Most external influences upon cells of any organ are mediated by biochemical and molecular mechanisms that are triggered by interactions with membrane, cytoplasmic, or nuclear receptors. Our understanding of the receptors and the intermediate molecules that couple them with cellular pathways that influence the proliferation, activation, differentiation, or survival of hematopoietic cells has expanded significantly. Proteins on the surface of blood cells that transmit vital information from the extracellular environment include single-pass, homodimeric, heterodimeric, and heterotrimeric transmembrane proteins that do, or do not, contain intrinsic kinase activity, but either way signal by inducing the tyrosine phosphorylation of a multitude of cytoplasmic proteins, seven transmembrane domain proteins that signal through G proteins, heterodimeric integrins that recruit large focal adhesions, and large families of heterodimeric proteins that induce serine and threonine phosphorylation. This chapter describes the receptors that influence blood cell production and function, the secondary mediators and the biochemical modifications they undergo to alert the cell to an external influence, the molecular mechanisms that allow for the coordination of multiple signals impacting a cell simultaneously, and the processes upon which they impact.
Acronyms and Abbreviations:
AP2, adaptor protein-2; BCR, B-cell antigen receptor; BMP, bone morphogenic protein; CNTF, ciliary neurotrophic factor; CT-1, cardiotrophin-1; DD, death domain; DR, death receptor; EPO, erythropoietin; EPOR, erythropoietin receptor; ERK, extracellular response kinase; FADD, Fas-associated death domain; FAK, focal adhesion kinase; G-CSF, granulocyte colony-stimulating factor; Gab, Grb binding; GH, growth hormone; GM-CSF, granulocyte-macrophage colony-stimulating factor; GPCR, G-protein-coupled receptor; HCR, hematopoietic cytokine receptor; IAP, inhibitors of apoptosis; IKK, I-κB kinase; IL, interleukin; IRS, insulin receptor substrate; ITAM, immunoreceptor tyrosine-based activation motif; ITIM, immunoreceptor tyrosine-based inhibitory motif; JAK, Janus family kinase; JNK, c-Jun N-terminal kinase; LIF, leukemia inhibitory factor; M-CSF, macrophage colony-stimulating factor; MAPK, mitogen-activated protein kinase; NR, nuclear receptor; OSM, oncostatin M; PI3K phosphoinositol 3′-kinase; PIAS, protein inhibitor of activated STATs; PIP, phosphoinositol phosphate; PKC, protein kinase C; PTP, protein tyrosine phosphatase; RACK, receptor for activated C kinase; RTK, receptor tyrosine kinase; SARA, SMAD anchor for receptor activation; SCID, severe combined immunodeficiency; SH2, Src homology 2; SOCS, suppressors of cytokine signaling; STATs, signal transducers and activators of transcription; SUMO, small ubiquitin-like modifier; TGF, transforming growth factor; TM, transmembrane; TNF, tumor necrosis factor; TPO, thrombopoietin; TRADD, TNF receptor death domain; TRAF, TNF receptor-associated factor; TRAIL, tumor necrosis factor-related apoptosis-inducing ligand.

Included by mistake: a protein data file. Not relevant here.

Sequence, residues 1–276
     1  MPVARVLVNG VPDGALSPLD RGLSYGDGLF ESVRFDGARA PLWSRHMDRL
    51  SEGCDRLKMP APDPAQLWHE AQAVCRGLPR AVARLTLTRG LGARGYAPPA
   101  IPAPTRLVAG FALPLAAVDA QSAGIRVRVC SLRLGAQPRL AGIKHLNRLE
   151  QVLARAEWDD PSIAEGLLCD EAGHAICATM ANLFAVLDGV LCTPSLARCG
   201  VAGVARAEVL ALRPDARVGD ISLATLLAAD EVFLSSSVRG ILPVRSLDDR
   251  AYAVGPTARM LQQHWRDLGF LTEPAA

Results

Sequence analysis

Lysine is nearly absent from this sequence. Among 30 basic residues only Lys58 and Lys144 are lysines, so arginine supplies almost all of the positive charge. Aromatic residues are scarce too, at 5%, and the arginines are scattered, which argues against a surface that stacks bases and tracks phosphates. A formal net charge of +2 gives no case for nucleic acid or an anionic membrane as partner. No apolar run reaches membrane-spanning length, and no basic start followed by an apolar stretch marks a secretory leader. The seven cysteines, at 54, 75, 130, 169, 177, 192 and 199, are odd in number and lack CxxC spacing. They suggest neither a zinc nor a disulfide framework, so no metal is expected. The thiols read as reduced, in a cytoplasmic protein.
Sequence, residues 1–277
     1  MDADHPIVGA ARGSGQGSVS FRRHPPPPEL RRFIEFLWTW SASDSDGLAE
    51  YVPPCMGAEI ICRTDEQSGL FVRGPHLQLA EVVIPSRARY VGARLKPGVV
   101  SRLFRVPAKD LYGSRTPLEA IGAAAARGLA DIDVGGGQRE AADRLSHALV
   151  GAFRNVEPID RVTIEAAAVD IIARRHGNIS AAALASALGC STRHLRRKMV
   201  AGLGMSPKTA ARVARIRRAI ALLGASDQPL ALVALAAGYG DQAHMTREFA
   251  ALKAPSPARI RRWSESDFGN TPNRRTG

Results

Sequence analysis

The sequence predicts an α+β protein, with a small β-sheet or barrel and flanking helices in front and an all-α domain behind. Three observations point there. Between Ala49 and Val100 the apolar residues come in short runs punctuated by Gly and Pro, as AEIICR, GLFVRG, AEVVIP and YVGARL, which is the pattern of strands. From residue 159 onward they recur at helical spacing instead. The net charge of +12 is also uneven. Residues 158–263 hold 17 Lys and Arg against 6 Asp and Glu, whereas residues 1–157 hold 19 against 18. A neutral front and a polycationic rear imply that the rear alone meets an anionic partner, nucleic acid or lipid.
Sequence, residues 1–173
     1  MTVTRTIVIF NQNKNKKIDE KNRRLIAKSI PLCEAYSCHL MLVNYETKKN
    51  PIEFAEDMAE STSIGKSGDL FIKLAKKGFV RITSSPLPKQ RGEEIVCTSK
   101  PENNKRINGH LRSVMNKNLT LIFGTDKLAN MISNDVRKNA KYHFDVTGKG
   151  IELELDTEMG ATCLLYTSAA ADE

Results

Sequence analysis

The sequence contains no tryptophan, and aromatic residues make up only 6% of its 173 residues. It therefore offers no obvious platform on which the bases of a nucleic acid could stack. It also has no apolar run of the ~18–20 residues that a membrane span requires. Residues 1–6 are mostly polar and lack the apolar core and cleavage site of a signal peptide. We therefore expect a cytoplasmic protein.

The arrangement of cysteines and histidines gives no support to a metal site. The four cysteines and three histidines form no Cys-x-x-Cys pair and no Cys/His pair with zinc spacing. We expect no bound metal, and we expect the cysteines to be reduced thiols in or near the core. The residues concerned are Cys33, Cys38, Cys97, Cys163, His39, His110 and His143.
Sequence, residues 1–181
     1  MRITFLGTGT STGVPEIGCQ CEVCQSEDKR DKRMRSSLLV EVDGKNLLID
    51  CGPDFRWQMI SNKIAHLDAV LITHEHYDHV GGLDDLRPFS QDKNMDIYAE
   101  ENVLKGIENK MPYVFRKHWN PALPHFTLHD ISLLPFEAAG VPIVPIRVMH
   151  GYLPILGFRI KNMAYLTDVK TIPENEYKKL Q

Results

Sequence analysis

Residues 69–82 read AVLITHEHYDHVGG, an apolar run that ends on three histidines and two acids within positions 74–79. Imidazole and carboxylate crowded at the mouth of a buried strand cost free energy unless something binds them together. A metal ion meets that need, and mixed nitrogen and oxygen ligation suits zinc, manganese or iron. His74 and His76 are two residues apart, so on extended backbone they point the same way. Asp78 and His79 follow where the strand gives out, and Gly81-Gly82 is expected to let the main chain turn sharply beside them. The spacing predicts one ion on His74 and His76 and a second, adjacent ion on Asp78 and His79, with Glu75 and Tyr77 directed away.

AN OVERVIEW OF CELL SIGNALING
Blood cells and their marrow-based progenitors are exquisitely responsive to their environment. A wide variety of cues are detected by mature blood cells that impact significantly on their function. For example, leukocytes respond to noxious stimuli by chemokine-induced migration toward inflammatory stimuli, cross endothelial cell barriers and the extracellular matrix by engaging integrins, and then respond to chemotactic gradients to enter inflammatory foci to contact and engulf microorganisms on encountering bacterial products. Likewise, platelets adhere to reactive endothelial surfaces or denuded subendothelial cell matrix by engagement of extracellular adhesive proteins. Adherent platelets can ...